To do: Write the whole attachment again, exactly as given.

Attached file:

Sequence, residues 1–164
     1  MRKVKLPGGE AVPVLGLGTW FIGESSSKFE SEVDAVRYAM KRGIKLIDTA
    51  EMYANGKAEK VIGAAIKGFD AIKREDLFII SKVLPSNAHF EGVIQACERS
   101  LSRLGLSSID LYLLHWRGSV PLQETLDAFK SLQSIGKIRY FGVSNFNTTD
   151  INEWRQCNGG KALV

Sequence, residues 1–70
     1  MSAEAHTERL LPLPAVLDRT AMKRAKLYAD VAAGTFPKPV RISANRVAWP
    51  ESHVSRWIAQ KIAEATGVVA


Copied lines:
Sequence, residues 1–164
     1  MRKVKLPGGE AVPVLGLGTW FIGESSSKFE SEVDAVRYAM KRGIKLIDTA
    51  EMYANGKAEK VIGAAIKGFD AIKREDLFII SKVLPSNAHF EGVIQACERS
   101  LSRLGLSSID LYLLHWRGSV PLQETLDAFK SLQSIGKIRY FGVSNFNTTD
   151  INEWRQCNGG KALV

Sequence, residues 1–70
     1  MSAEAHTERL LPLPAVLDRT AMKRAKLYAD VAAGTFPKPV RISANRVAWP
    51  ESHVSRWIAQ KIAEATGVVA